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April 27, 2020 at 6:00 AM

Cup of Coffee: Where are they now? (Pitchers Vol. 2)

4/27 Cup of Coffee: We continue our look around at players who have moved on from the Red Sox system in recent years with a quartet of pitchers, including two of the more coveted prospects the team dealt in their run of success.

It takes a pretty special talent to undergo Tommy John surgery and not lose any prospect sheen. So it is with Kopech, in the conversation for being the human being who hurls a five ounce orb harder than any other on the planet. The co-headliner (along with Yoan Moncada) of the deal that brought Chris Sale from the White Sox, Kopech had been whittling down his walk rate while climbing the minor league ladder while continuing to strike out batters at an exceptional rate. In 2018 with Triple-A Charlotte, he struck out 170 batters in 126 1/3 innings against 60 walks. The 11.1% walk rate was the lowest for Kopech in any season about 70 innings, while his strikeout total was the highest in Triple-A despite throwing the 28th-most innings. 

Kopech made his major league debut on August 21 of that year, getting a two-inning start, allowing three hits (all singles) and striking out four of the 10 batters he faced. He had his first quality start four days later, giving up just one run in six innings. He didn't issue a walk until start number three, when Andrew Benintendi worked a free pass. After three more scoreless innings that day, Kopech carried a miniscule 0.82 ERA and nine strikeouts with only one walk in 11 innings, flashing that future ace upside. Disaster struck in his next outing with seven runs on nine hits, including four home runs, in 3 1/3 innings, and then a major injury. Kopech was diagnosed with a significant tear of the UCL and underwent Tommy John surgery, and he has not thrown a pitch in a competitive game since. Onlookers are undeterred; Kopech was ranked 18th on the MLB Pipeline Top 100 prospects headed in to 2019, despite the knowledge he wouldn't throw a pitch that year, and slotted 20th in the 2020 edition. 

Kopech returned to the mound for a spring training start on March 9, retiring the side and throwing each of his first four pitches over 100 miles per hour. Despite those eye-catching velocities, he was expected to continue his rehab until late May.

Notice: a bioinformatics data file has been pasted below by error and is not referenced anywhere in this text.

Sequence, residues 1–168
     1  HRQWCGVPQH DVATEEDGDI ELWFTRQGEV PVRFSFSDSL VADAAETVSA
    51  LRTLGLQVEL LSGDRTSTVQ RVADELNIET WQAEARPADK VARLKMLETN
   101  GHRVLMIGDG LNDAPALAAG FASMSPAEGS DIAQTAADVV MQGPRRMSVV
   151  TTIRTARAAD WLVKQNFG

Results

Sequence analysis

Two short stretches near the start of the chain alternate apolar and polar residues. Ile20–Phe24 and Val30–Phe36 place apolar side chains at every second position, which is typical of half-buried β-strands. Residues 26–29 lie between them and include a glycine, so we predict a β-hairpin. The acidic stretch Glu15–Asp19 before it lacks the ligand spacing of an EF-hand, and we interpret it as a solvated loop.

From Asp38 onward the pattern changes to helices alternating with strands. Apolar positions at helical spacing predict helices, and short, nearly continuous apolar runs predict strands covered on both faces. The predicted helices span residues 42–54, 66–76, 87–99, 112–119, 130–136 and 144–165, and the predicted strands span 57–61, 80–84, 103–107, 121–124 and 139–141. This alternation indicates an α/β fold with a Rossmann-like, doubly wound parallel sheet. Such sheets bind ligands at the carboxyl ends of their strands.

For a brief moment following the 2016 draft, the Red Sox had Kopech, Espinoza, and Jay Groome all in the system at the same time. Between the three there have now been four Tommy John procedures, with Espinoza having a second one last summer. A consensus top-25 prospect in baseball at the time of his initial injury, he has not thrown a pitch since August 31, 2016. MLB Pipeline still ranks him the #28 prospect in the Padres system, arguably the deepest in the game. 


The decision to carry Taylor out of Spring Training in 2017 two years before he was Rule 5 eligible remains just to carry him for a week was one of the more unnecessarily careless of the Dombrowski era. The team lost him a year later when there was a roster crunch after cutting into his development to ride the back-and-forth from Pawtucket to Boston. He has bounced around since with mixed success. Taylor was claimed by Cleveland when the Red Sox tried to pass him through waivers. he was excellent in 2018 at Triple-A Columbus as he fashioned a 2.51 ERA, 70 strikeouts, and just nine walks in 56 1/3 innings, but ineffective in a May recall and was not added in September when rosters expanded. Released at the end of spring training the next year, Taylor ended up with the Diamondbacks, struggling with the juiced ball and homer-friendly parks of the Pacific Coast League. The 5.63 ERA he posted with Reno looks much better when noting the staff posted a nightmarish 6.48 mark for the season. Taylor signed with the Cubs as a minor league free agent. 


The former top prospect is now a member of the Chicago Cubs organization, where he appears to have solidified his spot in that team's major league rotation. Lester made 31 starts for third-place Chicago in 2019, going 13-10 with a 4.46 ERA despite allowing the most hits in the National League. 

Photo Credit: Michael Kopech by Kelly O'Connor